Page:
Microevolution and macroevolution mean slightly different things to the scientific community than to Creationists.
If we start with organisms and work our way up, we branch into populations within the same species and then communities of populations from multiple species.
Microevolution is change in the gene pool of a population over time. So evolution in a population of birds from one species in one location would be microevolution.
Macroevolution is change at the species level or higher. This can be the result of several microevolution changes over a long time scale, or it could be something more dramatic such as a bottlenecking or mass extinction. For instance, if a disaster hits an ecosystem and kills off large amounts of organisms from multiple species, this could result in a change in multiple population gene pools in a very short period of time. Natural selection is just one mechanism by which evolution takes place; any event that changes the gene pool causes evolution.
The Wiki page on macroevolution
talks about whole genome duplication in plants. I don't know much about that subject, but it sounds like an area you could look into for details on larger scale mutations.
The things a lot of Creationists forget, though, is that species is a man-made classification. We usually made the distinction based on mating, and there are quite a few species that fall into the "gray" area when their various populations mate: they might have the potential to cross-mate but they don't, or they may be willing but make nonviable offspring, or they may be willing in lower frequencies between populations than within, etc. Some Creationists get around this by talking about "kinds," but this isn't something recognized by biologists and I've never really seen them attempt to offer a physiological delineation between these "kinds."
So the question to me is, "Where's the barrier?" And I've yet to hear a precise answer on that. Sure, you'll get separate evolutionary paths - other primates and modern humans, or if they're feeling facetious, dogs and cats. But you probably won't hear them say, "There's X factor that prevents one population from ever creating a new species/genus/family/whatevs." And if you do, be sure to let us know so we can discuss it and see its merits.
As for mutations, they refer to changes in DNA during DNA replication. DNA is coded with 4 bases (A, T, C, G) that work to make proteins. For simplicity I'll only talk about the ones actively used in coding to proteins.
When a protein is ready to be coded, part of the DNA unwinds and translates the unwound section onto a piece of RNA. This RNA travels to a processing center called a ribosome, which reads each code 3 letters at a time. Simple math gives us 64 possible 3 letter codes (AAA, AAC, AAG...). Each of these codes is mapped to one of the 20 amino acids (yes, this means there is redundancy in the coding.) The ribosome strings those amino acids together until it receives the STOP code. The completed structure is a protein.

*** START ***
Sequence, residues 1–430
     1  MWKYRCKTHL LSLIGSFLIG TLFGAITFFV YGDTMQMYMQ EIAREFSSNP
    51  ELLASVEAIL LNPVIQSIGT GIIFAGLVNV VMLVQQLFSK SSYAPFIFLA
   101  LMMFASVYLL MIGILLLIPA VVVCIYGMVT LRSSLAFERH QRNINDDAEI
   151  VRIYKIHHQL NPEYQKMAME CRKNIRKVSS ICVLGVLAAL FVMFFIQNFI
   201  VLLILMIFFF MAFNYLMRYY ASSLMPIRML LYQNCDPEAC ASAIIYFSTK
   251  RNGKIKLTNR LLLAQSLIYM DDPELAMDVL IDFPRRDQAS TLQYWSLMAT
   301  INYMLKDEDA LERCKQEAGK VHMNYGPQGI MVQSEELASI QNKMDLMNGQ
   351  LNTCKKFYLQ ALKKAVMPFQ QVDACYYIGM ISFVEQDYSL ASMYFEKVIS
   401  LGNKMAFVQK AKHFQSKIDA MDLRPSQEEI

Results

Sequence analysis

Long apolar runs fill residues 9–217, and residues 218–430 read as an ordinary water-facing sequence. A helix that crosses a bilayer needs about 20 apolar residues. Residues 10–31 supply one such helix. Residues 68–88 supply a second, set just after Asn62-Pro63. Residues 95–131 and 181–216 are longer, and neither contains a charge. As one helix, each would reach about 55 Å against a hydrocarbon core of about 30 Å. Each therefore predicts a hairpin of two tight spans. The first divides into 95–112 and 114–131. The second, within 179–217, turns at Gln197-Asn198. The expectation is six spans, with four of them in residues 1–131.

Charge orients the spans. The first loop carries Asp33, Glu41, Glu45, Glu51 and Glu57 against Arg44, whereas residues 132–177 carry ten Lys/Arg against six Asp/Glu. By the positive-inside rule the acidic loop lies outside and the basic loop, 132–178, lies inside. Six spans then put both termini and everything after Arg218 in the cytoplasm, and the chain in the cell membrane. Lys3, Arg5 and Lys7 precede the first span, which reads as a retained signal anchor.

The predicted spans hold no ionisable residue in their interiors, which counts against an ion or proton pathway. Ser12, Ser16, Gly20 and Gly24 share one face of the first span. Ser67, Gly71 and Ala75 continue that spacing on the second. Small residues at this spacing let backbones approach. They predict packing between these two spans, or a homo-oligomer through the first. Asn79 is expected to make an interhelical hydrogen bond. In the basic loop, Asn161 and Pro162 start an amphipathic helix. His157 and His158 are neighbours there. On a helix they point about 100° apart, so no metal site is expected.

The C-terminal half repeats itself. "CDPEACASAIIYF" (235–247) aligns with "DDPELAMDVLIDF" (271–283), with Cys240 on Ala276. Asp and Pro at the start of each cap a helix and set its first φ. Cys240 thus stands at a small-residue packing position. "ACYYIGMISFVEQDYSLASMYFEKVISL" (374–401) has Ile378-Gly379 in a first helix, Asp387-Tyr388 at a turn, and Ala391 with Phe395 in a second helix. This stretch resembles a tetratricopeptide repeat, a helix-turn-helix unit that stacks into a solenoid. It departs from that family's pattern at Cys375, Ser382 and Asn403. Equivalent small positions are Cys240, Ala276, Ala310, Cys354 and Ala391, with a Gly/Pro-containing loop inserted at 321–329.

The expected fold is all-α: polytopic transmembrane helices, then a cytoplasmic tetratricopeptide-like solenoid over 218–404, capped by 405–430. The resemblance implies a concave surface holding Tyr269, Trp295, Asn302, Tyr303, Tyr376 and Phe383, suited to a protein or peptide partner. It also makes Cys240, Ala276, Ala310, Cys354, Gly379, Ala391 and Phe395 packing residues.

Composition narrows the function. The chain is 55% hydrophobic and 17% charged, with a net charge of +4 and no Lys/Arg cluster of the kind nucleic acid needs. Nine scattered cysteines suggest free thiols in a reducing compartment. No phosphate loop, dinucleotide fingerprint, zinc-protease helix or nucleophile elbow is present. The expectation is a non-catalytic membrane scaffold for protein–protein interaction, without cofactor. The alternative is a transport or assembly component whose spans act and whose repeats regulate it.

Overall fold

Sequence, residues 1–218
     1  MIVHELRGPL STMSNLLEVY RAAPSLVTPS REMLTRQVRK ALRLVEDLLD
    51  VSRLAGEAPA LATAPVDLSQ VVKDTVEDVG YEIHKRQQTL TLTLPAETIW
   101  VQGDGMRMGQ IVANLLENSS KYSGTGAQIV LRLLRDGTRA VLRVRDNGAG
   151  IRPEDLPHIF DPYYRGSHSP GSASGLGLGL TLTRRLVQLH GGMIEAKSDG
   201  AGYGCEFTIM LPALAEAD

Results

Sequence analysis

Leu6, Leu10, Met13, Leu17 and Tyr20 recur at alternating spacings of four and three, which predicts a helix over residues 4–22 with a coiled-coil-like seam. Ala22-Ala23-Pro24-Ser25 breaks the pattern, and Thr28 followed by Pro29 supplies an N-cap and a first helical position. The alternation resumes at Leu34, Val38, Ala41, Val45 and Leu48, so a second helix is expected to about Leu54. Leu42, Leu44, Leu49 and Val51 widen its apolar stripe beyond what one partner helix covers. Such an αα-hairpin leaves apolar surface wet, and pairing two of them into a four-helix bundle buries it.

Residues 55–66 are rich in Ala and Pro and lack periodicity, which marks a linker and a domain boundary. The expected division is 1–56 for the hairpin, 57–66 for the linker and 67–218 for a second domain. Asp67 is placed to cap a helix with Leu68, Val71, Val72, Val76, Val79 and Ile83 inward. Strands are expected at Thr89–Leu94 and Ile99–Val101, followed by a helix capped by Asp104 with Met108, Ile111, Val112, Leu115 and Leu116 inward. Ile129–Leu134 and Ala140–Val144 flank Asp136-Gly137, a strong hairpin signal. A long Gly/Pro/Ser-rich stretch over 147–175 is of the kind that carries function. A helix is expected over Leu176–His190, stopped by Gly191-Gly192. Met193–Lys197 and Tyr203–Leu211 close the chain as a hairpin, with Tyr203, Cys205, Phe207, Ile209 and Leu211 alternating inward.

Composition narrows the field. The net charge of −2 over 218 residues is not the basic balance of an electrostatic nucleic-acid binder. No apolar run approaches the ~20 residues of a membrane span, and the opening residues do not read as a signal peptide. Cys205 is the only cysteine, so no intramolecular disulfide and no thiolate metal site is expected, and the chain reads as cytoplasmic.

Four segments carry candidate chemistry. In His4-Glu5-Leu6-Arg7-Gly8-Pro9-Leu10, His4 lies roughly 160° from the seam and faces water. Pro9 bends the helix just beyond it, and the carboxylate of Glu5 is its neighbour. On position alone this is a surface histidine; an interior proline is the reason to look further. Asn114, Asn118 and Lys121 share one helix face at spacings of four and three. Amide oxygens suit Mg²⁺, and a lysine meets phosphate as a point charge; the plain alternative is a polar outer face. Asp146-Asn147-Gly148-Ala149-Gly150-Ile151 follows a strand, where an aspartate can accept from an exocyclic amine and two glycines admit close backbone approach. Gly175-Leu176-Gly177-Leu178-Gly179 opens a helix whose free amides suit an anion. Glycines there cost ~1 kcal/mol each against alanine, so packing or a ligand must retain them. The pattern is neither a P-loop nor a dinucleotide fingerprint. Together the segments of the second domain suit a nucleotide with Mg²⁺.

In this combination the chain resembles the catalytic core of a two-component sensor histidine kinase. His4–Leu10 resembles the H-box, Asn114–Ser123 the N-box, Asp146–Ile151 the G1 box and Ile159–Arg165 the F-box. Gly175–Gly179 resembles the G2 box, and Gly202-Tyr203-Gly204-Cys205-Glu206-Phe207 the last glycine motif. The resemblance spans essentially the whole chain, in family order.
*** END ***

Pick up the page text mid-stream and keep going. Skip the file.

A mutation is a change to a DNA code. A code (AAG) can have a base substituted substituted (AC
G), reversed (GAA), moved to another place, deleted (A*
GC), inserted (AA
A), etc. Some of these mutations are worse than others: a substitution means one amino acid is off, while a deletion or insertion changes everything after it (called a frameshift). Accidentally adding or removing a STOP code will drastically change the length of the protein, and a frameshift will make something completely different.
For proteins to function, they have to fold and bond. As a result, screwing up their amino acids almost always makes the protein nonfunctional. Only rarely does this create a functional protein, and when it does it's usually a neutral change. This is why Creationists argue that mutation can only be deleterious. For us to get anything useful out of mutation, they argue, we'd have to have several lucky beneficial mutations in a row without killing the organism.
At face value that argument seems somewhat reasonable, but it's simply not true. Beneficial mutations may be rare but they do happen, and if they're of significant benefit then they'll spread through the population. And neutral mutations might not seem very special, but multiple neutral changes can have a net benefit. This is especially true because organisms are pragmatists, and will use a tool however they need to for survival. Sure, your limb might not have specifically evolved to climb a tree, but if it's a matter of life and death, you're going up. And if you have a "neutral" mutation granting you stronger nails... well, it might not be so neutral for you after all. And in a few generations, those nails might be claws and your descendents might be tree dwellers.
The other thing to remember is that mutation means a different thing to complex organisms than it does to bacteria. Your body has several safeguards to keep mutations away, while a bacteria does not. So for us, our evolutionary changes tend to occur along traits already in our population rather than new mutations. Kill off all the tall people, and the average height goes down. Kill off all the short people, and the average height goes up. Kill off everyone in the middle, and you're left with two populations: giant and dwarf. Keep the separate long enough, and they'll evolve into two separate species.